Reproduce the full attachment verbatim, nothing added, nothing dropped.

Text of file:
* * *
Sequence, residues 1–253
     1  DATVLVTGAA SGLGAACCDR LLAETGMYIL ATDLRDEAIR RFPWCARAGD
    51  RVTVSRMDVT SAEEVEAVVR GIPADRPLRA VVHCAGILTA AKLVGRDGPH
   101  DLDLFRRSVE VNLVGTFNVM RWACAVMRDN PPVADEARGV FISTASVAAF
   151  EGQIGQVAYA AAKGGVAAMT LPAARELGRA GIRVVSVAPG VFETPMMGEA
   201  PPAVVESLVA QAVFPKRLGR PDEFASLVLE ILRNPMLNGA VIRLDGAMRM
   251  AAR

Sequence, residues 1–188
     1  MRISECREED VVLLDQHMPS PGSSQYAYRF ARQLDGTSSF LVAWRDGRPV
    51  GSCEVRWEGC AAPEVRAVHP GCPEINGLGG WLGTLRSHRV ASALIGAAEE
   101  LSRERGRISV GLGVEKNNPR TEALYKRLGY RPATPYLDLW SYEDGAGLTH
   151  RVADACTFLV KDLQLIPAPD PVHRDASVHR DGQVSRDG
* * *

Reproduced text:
Sequence, residues 1–253
     1  DATVLVTGAA SGLGAACCDR LLAETGMYIL ATDLRDEAIR RFPWCARAGD
    51  RVTVSRMDVT SAEEVEAVVR GIPADRPLRA VVHCAGILTA AKLVGRDGPH
   101  DLDLFRRSVE VNLVGTFNVM RWACAVMRDN PPVADEARGV FISTASVAAF
   151  EGQIGQVAYA AAKGGVAAMT LPAARELGRA GIRVVSVAPG VFETPMMGEA
   201  PPAVVESLVA QAVFPKRLGR PDEFASLVLE ILRNPMLNGA VIRLDGAMRM
   251  AAR

Sequence, residues 1–188
     1  MRISECREED VVLLDQHMPS PGSSQYAYRF ARQLDGTSSF LVAWRDGRPV
    51  GSCEVRWEGC AAPEVRAVHP GCPEINGLGG WLGTLRSHRV ASALIGAAEE
   101  LSRERGRISV GLGVEKNNPR TEALYKRLGY RPATPYLDLW SYEDGAGLTH
   151  RVADACTFLV KDLQLIPAPD PVHRDASVHR DGQVSRDG